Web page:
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Technology and Culture 41.3 (2000) 611-612

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Book Review

The Atomic West

The Atomic West. Edited by Bruce Hevly and John M. Findlay. Seattle: University of Washington Press, 1998. Pp. x+286; index. $19.95.

This book explores "how the atom and the West have affected one another" over the past fifty years (p. 9). Eleven essays address the atomic West in varied ways, from biographical portraits of key individuals and descriptions of important moments to discussions of fallout and analyses of contemporary nuclear protest movements. The result is a fine, albeit somewhat disparate, collection of well-crafted essays addressing the region and its intimate relationship with atomic energy from the era of the Manhattan Project forward.

In their helpful introductory essay, Bruce Hevly and John Findlay cover much of the chronological and topical terrain of both the book and the atomic West. Thematic balance is one of the book's strong suits. Biographies of important individuals are nicely counterweighted by institutional explorations. Stanley Goldberg's portrait of the Manhattan Project's General Leslie Groves, the impatient martinet who knew how to get things done, makes a good companion piece to Gregg Herken's thorough discussion of the federal partnership forged with the University of California during the cold war. Ferenc Szasz contributes a thoughtful essay on English physicist James Tuck, suggesting that Los Alamos and the West in general provided a more egalitarian social and intellectual environment to this eccentric scientist than his rigidly stratified homeland. Dan O'Neill offers an essay on Edward Teller's hubristic plans to blow a thermonuclear hole in the Alaskan coastline. Wishing to demonstrate peacetime applications of atomic energy, Teller and his "firecracker boys" expected that atomic harbor-making would yield converts as well as economic gain. He was wrong, ridiculously wrong, and O'Neill's essay discusses the groundswell of opposition to Teller's Strangelovian designs. Carl Abbott's richly suggestive piece on the suburban planning of atomic facilities suggests the degree to which the ideal of archetypal model towns and model planning seduced federal officials and their atomic employees throughout the West.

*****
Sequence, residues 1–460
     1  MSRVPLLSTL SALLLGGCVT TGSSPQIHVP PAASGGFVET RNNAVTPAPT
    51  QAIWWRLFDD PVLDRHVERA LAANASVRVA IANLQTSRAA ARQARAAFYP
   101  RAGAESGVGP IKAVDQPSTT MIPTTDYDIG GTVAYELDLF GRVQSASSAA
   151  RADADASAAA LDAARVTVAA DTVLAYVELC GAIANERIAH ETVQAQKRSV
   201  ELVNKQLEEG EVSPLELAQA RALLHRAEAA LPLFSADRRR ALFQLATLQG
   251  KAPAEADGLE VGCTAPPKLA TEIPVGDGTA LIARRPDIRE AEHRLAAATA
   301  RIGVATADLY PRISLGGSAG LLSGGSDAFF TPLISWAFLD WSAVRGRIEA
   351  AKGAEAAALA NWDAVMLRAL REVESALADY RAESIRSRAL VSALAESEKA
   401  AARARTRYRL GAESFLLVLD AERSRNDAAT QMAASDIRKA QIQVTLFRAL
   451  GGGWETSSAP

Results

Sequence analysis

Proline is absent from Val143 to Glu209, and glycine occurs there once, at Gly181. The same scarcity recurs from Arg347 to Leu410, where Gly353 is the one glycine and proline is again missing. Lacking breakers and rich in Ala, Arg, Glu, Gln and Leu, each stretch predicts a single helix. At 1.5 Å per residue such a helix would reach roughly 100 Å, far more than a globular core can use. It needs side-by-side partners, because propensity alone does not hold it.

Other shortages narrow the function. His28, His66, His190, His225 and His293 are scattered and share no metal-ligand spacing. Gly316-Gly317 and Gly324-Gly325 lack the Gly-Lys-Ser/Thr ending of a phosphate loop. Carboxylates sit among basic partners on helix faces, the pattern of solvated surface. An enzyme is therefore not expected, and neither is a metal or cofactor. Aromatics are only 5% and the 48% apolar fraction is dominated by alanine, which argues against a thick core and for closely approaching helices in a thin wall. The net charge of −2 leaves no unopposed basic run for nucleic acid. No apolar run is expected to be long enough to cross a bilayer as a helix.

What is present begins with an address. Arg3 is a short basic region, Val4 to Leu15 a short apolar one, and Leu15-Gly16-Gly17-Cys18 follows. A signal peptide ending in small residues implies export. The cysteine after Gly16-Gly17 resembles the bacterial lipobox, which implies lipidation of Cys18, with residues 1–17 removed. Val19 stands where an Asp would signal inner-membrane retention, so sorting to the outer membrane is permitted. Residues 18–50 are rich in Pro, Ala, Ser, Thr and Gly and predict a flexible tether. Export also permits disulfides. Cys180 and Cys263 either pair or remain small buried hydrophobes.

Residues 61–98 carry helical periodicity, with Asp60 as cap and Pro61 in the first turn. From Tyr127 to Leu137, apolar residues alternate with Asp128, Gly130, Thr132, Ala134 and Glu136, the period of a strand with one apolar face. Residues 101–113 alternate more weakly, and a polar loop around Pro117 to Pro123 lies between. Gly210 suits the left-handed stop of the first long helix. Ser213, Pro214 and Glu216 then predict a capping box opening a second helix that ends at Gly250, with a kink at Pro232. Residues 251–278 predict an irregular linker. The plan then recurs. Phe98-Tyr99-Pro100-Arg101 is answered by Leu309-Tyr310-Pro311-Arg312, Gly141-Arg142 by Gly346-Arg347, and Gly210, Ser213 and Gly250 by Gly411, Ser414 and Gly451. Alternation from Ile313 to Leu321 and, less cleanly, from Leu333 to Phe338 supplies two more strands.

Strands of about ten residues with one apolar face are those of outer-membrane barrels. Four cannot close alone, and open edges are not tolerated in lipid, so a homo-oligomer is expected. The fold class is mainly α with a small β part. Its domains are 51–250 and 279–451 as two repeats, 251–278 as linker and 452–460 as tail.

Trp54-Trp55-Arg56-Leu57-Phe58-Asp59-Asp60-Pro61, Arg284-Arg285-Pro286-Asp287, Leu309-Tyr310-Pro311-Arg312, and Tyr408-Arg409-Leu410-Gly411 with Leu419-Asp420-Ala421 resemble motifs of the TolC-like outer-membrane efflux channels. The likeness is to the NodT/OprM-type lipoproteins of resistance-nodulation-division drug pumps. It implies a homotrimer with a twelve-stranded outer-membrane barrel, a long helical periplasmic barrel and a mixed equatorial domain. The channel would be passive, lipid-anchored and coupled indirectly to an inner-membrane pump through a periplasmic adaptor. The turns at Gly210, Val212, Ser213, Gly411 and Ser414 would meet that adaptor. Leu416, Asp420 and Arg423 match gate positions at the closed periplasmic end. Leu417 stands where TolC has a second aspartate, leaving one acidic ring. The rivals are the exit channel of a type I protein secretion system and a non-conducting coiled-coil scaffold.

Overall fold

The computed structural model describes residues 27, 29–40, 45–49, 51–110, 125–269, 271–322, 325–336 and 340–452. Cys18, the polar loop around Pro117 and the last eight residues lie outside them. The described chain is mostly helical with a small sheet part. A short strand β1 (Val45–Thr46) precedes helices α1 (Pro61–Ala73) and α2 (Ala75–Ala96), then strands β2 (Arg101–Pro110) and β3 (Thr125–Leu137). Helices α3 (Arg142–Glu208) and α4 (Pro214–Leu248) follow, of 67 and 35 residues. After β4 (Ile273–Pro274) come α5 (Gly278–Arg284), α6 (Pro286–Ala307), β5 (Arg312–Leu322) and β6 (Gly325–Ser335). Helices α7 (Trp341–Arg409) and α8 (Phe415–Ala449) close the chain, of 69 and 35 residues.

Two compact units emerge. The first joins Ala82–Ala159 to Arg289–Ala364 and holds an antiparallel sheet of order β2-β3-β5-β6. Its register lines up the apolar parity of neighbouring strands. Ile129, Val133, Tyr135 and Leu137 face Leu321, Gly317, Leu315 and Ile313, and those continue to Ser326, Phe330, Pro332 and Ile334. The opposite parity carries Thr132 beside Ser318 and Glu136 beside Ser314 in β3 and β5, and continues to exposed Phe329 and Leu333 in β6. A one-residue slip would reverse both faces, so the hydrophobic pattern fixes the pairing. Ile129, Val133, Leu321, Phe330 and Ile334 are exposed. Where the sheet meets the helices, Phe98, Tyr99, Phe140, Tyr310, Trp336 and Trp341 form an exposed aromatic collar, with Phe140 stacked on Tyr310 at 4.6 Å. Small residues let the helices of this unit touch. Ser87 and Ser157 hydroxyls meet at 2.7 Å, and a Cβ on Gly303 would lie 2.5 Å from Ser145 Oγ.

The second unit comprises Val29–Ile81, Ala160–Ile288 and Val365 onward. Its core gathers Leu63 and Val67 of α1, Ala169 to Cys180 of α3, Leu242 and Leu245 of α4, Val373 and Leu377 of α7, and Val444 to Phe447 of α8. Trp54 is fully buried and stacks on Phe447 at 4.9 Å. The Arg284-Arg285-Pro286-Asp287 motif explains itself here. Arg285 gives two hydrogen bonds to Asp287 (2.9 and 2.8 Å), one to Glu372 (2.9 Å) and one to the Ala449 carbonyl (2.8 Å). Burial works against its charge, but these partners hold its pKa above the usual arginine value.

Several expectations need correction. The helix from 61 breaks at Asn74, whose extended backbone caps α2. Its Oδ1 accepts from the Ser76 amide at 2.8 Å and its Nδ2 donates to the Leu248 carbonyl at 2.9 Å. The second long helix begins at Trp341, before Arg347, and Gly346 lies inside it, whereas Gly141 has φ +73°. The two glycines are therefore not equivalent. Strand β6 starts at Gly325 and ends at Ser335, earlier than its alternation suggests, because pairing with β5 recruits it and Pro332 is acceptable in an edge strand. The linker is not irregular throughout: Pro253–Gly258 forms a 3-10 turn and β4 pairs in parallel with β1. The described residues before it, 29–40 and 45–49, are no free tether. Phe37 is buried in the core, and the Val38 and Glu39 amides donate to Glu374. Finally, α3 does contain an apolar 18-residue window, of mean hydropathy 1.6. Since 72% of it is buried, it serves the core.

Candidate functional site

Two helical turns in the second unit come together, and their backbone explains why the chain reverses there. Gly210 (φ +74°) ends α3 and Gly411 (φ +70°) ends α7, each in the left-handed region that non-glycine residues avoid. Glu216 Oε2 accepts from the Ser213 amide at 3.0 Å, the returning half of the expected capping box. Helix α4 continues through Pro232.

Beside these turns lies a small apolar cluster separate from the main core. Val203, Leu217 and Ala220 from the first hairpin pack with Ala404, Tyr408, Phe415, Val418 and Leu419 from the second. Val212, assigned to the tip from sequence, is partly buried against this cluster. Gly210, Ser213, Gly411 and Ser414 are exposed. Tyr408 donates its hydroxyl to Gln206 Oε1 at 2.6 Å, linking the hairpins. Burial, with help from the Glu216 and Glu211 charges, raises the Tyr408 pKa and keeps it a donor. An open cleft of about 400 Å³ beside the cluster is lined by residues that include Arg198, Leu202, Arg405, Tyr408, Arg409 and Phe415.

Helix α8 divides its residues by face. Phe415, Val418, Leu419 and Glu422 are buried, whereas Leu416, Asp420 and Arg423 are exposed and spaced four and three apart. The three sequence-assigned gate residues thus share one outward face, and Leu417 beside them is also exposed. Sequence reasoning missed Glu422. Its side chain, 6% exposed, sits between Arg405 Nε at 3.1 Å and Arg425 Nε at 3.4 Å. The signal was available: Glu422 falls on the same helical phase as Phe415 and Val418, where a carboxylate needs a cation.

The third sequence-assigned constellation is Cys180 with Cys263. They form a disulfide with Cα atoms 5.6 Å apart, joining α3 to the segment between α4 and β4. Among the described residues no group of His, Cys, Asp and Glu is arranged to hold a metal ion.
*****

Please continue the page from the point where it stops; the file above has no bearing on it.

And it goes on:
The volume closes with examinations of the contemporary West through the prism of the anti-nuclear-power movement. Thomas Wellock analyzes the varied and shifting coalitions that emerged in California in the mid-1970s. In doing so, he makes a strong case for seeing opposing viewpoints as fundamentally estranged: apart on worldview, apart on ideology, apart on beliefs about technology. Daniel Pope explores the rise, and semi-fall, of the Washington Public Power Supply System (WPPSS), a superjurisdictional entity that went nuclear in the late 1960s amid grand designs for more reactors and cheap energy. Pope's conclusion, that the antinuclear movement could often depend on the WPPSS itself to bungle its affairs (through flawed leadership, planning, and execution), reminds us again of [End Page 611] the sheer complexity of the issues brought to the fore in the mid-1970s. A concluding essay by Matthew Glass examines the controversies surrounding the Carter administration's MX missile sites in Utah and Nevada. Though brief, this piece reiterates insights regarding the cultural complexity of the West; federal agencies wanting to bury MX missiles in wide open western spaces had to contend with, at the least, Mormon and Shoshone histories and traditions.

The Atomic West emerged from a conference held at the University of Washington in 1992 that attempted to foster a hybrid nuclear history of the American West, one incorporating many disciplines and perspectives into some kind of synthetic perspective. According to the organizers of the conference and the editors of this volume, that goal was not fully realized. Disciplinary boundaries prevailed, and the atomic West is thus analyzed from the discrete perspectives dictated by discipline. Yet I suspect that the editors are being too hard on themselves. While the book does have some unfortunate gaps--one wishes for a bit more, for instance, on the social or political history of atomic energy in the contemporary West apart from important protest movements--it does suggest important themes for historians of the West and historians...


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